Wednesday, December 6, 2023

Chinese cars are making inroads in the Mexican market

More than 80,500 Chinese cars were sold in Mexico in the first eight months of this year, with Chinese brands on track to account for 20% of the domestic car market.

The Mexican Association of Automotive Distributors (AMDA) said on Wednesday that Chinese car imports have increased by 62.6% during 2023 so far, growing their market share from 5.7% to 19.4%. 

MG was the top-selling Chinese-owned brand, with more than 35,000 cars sold so far in 2023. (MG Motors/Instagram)

“The arrival of Chinese brands increases the [number of available] offerings and has contributed to the updating of the inventory available in our market,” AMDA president Guillermo Rosales said at a press conference.  

Four brands currently dominate the market for Chinese-owned brands in Mexico. MG Motors sold 35,322 units in the first eight months of 2023, followed by Chirey Motor with 26,174, JAC with 12,840, then the Motornation collection of 3 brands, with 6,208.

According to consultancy J.D. Power Mexico, more Chinese firms are now entering the market, including BYD, Omoda, Jetour, GWN Motors and Geely Autos.

“We know that there are seven more confirmed brands that are going to start operations in Mexico and this will give us, not an exponential growth, but a substitution, a fight for the market,” said J.D. Power’s director, Gerardo Gómez.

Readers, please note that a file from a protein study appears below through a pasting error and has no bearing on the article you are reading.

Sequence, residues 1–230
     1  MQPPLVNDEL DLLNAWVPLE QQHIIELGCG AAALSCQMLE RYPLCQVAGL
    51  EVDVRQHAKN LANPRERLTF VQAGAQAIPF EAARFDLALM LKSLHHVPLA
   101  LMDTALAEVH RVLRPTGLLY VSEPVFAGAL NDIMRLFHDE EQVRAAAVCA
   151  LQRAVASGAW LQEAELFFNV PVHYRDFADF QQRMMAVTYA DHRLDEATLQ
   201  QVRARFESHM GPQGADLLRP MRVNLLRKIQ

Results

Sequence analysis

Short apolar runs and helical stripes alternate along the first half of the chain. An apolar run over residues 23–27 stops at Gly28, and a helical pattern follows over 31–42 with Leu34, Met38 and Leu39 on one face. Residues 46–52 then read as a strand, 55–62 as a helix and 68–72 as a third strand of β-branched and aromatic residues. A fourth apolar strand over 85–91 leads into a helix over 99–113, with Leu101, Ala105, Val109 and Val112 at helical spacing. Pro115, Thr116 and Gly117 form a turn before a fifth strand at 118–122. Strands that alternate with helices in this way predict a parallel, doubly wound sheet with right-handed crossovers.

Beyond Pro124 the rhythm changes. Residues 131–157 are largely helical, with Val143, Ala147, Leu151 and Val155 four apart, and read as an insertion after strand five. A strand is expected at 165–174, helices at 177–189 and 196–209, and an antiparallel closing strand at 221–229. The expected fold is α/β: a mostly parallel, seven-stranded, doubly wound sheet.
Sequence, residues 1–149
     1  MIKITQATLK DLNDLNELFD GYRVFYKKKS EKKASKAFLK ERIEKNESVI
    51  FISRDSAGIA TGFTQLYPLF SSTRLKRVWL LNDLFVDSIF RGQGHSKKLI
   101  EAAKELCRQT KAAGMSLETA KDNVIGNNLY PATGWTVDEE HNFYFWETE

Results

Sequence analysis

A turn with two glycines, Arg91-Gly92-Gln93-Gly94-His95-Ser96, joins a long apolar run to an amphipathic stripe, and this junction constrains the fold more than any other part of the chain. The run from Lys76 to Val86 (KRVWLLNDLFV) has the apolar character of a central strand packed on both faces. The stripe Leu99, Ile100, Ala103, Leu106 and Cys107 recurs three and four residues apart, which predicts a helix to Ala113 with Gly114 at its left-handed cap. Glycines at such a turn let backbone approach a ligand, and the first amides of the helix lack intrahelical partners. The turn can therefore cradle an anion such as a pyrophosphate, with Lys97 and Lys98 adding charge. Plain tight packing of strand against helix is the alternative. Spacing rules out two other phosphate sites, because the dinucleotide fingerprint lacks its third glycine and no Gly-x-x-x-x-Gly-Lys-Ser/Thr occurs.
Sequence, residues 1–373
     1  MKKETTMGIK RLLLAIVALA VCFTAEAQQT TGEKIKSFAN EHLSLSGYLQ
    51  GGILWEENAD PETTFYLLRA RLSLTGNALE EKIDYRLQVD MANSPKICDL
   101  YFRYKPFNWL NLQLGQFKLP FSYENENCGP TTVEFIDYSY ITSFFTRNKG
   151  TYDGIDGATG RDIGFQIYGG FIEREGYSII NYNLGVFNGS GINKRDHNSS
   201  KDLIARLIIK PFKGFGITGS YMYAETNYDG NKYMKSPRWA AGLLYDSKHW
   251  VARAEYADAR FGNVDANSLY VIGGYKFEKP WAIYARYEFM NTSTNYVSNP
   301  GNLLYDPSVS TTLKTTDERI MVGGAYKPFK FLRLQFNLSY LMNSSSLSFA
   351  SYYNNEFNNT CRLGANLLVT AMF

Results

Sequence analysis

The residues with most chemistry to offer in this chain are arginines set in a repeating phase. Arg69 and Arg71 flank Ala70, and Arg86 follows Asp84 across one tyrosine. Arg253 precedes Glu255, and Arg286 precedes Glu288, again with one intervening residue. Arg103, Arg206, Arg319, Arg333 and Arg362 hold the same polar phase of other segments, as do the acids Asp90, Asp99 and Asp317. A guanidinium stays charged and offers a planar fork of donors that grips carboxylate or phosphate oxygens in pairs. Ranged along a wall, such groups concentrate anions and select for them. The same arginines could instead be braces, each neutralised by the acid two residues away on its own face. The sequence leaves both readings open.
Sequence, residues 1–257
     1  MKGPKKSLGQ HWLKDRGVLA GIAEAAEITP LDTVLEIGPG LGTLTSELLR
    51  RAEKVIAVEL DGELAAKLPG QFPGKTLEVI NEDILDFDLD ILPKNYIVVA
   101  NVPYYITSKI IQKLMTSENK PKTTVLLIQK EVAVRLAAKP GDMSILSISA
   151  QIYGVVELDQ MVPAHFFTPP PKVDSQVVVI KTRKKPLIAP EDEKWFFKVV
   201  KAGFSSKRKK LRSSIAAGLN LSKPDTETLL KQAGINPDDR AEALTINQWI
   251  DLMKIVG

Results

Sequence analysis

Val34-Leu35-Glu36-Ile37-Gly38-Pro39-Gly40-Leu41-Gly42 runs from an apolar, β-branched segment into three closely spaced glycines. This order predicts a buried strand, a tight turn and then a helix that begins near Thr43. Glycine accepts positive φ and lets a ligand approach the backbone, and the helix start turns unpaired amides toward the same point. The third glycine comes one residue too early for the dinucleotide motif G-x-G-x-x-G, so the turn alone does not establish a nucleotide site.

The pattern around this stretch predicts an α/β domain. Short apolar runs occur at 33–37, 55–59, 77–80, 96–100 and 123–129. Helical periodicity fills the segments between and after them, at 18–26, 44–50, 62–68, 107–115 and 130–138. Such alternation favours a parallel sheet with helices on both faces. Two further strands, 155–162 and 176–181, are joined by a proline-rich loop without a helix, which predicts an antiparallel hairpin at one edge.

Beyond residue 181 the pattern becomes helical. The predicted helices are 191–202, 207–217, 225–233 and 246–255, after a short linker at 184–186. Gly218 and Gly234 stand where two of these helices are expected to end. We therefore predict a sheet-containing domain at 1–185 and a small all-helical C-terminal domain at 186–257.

BYD manufactures vehicles for Bimbo, Lala, Cemex and FEMSA, as well as for ride-sharing app DiDi. (User3204/Wikimedia)

BYD, which first started to explore the Mexican car market a year ago, exemplifies this growing competition. The Chinese company already supplies trucks to brands including Bimbo, Lala, Cemex and FEMSA, as well as manufacturing vehicles for ride-hailing app DiDi. On Thursday, it launched the ‘Dolphin,’ its first electric vehicle for the Mexican domestic market, of which it expects to sell up to 30,000 units next year, according to BYD Americas’ president, Stella Li.

“We will import the vehicles at first, but we have plans to produce vehicles in Mexico,” Li told El Financiero newspaper. “We are doing the research, but we haven’t decided the location yet.”

The arrival of new Chinese brands is just one factor driving dynamism in Mexico’s car market. According to Rosales, traditionally popular brands in Mexico – such as Nissan, Volkswagen and General Motors – are also bringing new models onto the market as they recover from the drop in demand caused by the COVID-19 pandemic.

“We can observe it on the sales floors of the distributors, with increasing coverage and approaching normal conditions,” Rosales said. “We expect this to continue in the coming months, and foresee a 2024 with greater competition among all participants.”

According to the national statistical agency (INEGI), sales of new cars in Mexico grew by 23.8% last month, reaching 113,873 units, the strongest year-on-year growth Mexico’s automotive industry has seen in the month of August for 23 years. 

With reports from El Financiero and Latinus

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